A dark head-rush of twisted psychedelia, drum machines and gothic stompers, Mansun’s ‘Attack Of The Grey Lantern’ is one of the most underrated debut albums of the Nineties.
A landmark in modern indie and the first post-rock masterpiece, Godspeed You! Black Emperor’s debut album ‘F# A# Infinity’ turns 20 years old.
‘Fleet Foxes’, one of the most perfectly formed and influential debut albums of the Noughties, turns 10 years old.
‘The Man-Machine’ was the second of Kraftwerk’s holy trinity of influential masterpieces, and one that gradually opened them up to a wider audience.
While it may dwell in ‘Parklife’s shadow in terms of its wider popularity, ‘Modern Life Is Rubbish’ is the most indispensable album of Blur’s career, and formed a key thematic plank for Britpop.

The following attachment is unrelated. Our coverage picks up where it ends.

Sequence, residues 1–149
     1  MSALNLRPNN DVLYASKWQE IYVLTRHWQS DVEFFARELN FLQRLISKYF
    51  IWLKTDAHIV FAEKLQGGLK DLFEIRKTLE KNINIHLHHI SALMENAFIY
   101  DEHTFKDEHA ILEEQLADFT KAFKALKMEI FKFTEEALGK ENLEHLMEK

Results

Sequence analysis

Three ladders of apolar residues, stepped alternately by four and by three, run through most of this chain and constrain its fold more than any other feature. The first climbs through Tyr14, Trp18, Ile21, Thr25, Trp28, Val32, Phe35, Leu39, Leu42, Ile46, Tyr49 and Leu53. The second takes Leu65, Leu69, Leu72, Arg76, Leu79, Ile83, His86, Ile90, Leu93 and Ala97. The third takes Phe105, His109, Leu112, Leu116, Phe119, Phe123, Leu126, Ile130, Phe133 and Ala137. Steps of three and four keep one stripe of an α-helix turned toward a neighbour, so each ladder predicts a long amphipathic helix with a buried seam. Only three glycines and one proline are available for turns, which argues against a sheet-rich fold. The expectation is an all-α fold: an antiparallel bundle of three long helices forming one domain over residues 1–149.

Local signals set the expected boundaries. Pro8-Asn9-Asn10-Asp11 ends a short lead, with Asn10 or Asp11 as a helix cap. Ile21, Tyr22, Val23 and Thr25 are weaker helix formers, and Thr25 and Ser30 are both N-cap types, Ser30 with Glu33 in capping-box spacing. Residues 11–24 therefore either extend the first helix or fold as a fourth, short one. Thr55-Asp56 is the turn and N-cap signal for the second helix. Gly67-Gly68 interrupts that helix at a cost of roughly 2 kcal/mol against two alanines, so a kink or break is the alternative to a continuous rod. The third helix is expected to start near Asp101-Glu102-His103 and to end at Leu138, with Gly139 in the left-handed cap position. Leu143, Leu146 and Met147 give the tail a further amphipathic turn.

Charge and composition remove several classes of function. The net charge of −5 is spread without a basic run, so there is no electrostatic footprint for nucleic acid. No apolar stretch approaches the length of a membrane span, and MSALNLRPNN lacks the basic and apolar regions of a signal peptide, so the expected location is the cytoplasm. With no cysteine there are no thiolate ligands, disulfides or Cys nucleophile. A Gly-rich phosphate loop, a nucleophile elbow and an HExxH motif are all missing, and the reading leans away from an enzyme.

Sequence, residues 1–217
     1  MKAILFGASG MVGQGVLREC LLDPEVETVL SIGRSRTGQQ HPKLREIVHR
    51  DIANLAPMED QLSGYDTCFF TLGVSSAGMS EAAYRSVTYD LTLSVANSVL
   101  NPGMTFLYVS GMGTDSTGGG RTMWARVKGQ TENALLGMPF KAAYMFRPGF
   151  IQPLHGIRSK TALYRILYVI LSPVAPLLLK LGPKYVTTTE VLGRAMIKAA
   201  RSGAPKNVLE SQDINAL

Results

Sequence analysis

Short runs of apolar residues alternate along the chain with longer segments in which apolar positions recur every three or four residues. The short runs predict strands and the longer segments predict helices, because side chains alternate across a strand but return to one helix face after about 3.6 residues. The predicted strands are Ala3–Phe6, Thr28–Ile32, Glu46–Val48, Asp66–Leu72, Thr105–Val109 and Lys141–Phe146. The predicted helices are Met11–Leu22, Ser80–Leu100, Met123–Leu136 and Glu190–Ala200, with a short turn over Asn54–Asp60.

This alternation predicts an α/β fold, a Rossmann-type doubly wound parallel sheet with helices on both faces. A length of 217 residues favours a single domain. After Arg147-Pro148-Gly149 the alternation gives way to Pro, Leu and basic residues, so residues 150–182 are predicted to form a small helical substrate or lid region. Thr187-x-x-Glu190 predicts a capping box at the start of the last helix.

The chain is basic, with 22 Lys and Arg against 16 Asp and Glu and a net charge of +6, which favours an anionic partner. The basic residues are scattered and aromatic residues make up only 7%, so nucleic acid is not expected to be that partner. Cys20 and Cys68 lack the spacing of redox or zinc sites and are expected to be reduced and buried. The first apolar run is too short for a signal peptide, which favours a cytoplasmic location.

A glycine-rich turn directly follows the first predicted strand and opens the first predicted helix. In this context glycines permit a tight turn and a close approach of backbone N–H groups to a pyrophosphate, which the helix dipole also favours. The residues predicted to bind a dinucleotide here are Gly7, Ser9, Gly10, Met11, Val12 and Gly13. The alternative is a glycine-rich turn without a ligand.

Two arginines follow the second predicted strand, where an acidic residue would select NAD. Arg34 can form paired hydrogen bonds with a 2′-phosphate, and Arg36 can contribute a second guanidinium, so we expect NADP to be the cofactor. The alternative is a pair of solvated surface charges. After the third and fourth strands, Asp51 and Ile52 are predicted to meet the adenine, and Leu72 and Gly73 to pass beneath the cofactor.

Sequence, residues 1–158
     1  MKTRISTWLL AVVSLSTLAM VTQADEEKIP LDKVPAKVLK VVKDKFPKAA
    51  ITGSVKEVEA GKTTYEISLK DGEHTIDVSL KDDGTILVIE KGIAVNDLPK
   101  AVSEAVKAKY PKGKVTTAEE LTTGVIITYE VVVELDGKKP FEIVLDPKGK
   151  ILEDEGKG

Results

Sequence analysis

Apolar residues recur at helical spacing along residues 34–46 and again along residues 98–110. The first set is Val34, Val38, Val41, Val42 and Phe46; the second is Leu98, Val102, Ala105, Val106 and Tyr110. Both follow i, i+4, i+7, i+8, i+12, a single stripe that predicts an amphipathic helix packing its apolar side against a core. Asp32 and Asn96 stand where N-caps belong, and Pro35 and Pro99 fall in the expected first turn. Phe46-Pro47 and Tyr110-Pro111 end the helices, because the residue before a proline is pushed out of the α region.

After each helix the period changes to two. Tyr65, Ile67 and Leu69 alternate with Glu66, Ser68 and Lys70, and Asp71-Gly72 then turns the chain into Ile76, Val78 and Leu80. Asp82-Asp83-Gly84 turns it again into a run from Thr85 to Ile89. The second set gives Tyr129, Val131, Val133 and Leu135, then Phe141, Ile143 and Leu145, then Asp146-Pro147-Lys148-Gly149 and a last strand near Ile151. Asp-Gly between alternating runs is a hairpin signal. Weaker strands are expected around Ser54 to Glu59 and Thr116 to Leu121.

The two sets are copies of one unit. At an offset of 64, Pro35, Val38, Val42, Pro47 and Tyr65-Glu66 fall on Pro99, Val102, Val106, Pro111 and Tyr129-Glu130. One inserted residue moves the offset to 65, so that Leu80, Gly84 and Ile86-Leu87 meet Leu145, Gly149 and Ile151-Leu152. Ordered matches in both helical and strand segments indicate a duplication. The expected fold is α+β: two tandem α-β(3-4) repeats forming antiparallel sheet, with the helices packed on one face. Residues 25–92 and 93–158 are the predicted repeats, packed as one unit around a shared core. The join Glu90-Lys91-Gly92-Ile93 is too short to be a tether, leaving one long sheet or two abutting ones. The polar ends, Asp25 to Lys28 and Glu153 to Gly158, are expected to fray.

A masterclass in minimalist texture, punk energy and memorable melodies, No Age’s debut album ‘Nouns’ helped propagate a resurgence in American indie.
Coming back after 11 years with an album so startlingly different it was effectively a second debut, Portishead’s ‘Third’ remains one of the most unique artistic statements of the last decade.
A cornerstone for electronica and one of the Nineties’ most influential albums, revisit Boards Of Canada’s 1998 debut ‘Music Has The Right To Children’ on its 20th anniversary.
One of the most sublime works of English psychedelia, The Zombies’ ‘Odessey And Oracle’ has deservedly become a cult masterpiece in the 50 years since its release.
The impact of Suede’s 1993 debut album ‘Suede’, one of the first masterpieces of Britpop and which introduced one of the most hyped British bands ever.